3 February 2008The United Nations peacekeeping mission in the Democratic Republic of the Congo (DRC) is preparing to assist local authorities help people in the far east of the impoverished country after a major earthquake struck the region this morning. Alan Doss, the Secretary-General’s Special Representative to the DRC and the chief of the mission, known as MONUC, has immediately asked the mission and other UN agencies operating in the region “to extend all necessary assistance” to authorities and the affected local population, according to a statement issued in Kinshasa, the capital.The mission said the initial assessments indicated that the earthquake has caused “a number of deaths and injured” but that an exact toll is yet to be determined. Buildings have been damaged in the DRC and in neighbouring Rwanda and Burundi.A daily worker at the MONUC office in Bukavu, the provincial capital of South Kivu in the eastern DRC, has been reported killed, but so far no other UN civilian or military personnel is known to have died.Media reports say a second serious quake struck several hours later in Rwanda, causing further death and destruction.Mr. Doss offered his condolences to the populations of all the areas in Africa’s Great Lakes region who have been affected by the earthquake.MONUC said the epicentre of this morning’s quake, which registered 6.0 on the Richter scale, was located in Kabaré, about 20 kilometres north of Bukavu. It struck about 9:35 local time.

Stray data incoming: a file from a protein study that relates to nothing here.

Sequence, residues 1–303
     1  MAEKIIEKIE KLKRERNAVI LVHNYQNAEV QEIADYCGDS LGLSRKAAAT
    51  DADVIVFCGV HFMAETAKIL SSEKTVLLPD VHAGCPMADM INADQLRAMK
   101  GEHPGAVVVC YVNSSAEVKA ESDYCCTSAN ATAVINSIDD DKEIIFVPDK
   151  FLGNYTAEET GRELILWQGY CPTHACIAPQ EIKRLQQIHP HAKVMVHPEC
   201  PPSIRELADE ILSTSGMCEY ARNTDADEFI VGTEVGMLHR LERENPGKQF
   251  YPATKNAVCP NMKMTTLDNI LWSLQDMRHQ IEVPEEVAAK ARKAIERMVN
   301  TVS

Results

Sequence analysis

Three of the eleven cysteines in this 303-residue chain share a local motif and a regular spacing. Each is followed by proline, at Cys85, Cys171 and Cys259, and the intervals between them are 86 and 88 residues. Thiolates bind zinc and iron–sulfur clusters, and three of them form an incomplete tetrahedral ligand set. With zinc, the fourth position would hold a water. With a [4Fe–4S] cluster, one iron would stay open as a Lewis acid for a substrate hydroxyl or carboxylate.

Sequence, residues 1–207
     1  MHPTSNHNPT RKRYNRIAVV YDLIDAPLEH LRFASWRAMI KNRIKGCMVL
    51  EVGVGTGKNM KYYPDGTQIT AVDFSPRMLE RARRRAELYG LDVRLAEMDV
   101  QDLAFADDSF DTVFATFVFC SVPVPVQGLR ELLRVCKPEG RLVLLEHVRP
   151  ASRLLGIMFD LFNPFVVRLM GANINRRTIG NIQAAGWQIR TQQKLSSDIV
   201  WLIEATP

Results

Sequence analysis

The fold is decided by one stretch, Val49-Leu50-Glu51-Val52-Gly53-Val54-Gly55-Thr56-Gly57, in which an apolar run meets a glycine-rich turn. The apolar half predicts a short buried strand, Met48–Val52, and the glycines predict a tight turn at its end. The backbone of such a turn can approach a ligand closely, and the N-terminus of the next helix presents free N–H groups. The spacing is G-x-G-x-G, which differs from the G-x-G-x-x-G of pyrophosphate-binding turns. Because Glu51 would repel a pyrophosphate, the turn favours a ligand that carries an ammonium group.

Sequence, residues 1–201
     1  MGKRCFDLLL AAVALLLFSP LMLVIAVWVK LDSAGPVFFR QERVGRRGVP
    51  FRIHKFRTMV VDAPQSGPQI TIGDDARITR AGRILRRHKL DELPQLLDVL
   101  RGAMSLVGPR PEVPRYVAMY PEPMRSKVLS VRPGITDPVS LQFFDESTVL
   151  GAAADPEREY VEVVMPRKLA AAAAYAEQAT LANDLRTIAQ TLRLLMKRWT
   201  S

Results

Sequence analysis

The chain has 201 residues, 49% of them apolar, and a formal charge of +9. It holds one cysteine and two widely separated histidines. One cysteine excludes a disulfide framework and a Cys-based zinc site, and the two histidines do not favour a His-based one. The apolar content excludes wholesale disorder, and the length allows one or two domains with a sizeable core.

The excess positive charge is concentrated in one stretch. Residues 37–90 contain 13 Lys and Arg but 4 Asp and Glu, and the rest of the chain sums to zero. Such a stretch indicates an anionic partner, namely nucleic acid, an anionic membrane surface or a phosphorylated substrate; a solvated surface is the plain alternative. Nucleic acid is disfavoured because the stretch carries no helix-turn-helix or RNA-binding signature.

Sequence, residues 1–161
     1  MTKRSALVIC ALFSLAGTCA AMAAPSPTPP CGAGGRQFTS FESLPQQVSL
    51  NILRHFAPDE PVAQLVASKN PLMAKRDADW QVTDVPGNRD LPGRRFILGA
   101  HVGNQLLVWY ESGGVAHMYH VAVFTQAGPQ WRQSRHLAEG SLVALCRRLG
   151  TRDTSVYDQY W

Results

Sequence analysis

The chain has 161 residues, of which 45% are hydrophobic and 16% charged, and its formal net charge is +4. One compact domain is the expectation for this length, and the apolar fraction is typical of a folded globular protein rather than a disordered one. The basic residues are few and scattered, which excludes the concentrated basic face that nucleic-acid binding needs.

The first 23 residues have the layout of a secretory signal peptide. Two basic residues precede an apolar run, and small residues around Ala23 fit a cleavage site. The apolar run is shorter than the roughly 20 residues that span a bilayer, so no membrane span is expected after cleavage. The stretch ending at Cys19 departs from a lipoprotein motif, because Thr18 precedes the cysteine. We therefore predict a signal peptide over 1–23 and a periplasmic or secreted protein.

CALGARY — The National Energy Board approved a new toll plan for TransCanada’s (TSX:TRP) Mainline on Wednesday that will help the natural gas pipeline compete.The board set the firm transportation toll from Empress, Alta., to Dawn, Ont., at $1.42/GJ, compared with a 2013 toll of $2.58/GJ.“The board approved multi-year fixed tolls that are competitive and provide TransCanada with a reasonable opportunity to recover its Mainline costs, given the increase in Mainline throughput that is forecast,” the board said in a statement.“These fixed tolls also provide toll certainty and stability to shippers and better allow the Mainline to compete.”The tolls are expected to remain in effect through 2017.In approving the toll, the regulator also set the pipeline’s return on equity at 11.5% on a 40% equity ratio and an incentive mechanism that would increase profits if annual net revenues are higher than forecast.The NEB also approved several changes sought by TransCanada including proposed changes to the Mainline’s cost allocation, and the elimination of toll zones and the elimination of the risk alleviation mechanism.However, the regulator also denied a number of other proposals by the company, citing that they resulted in “inappropriate cost shifting.”The Canadian Press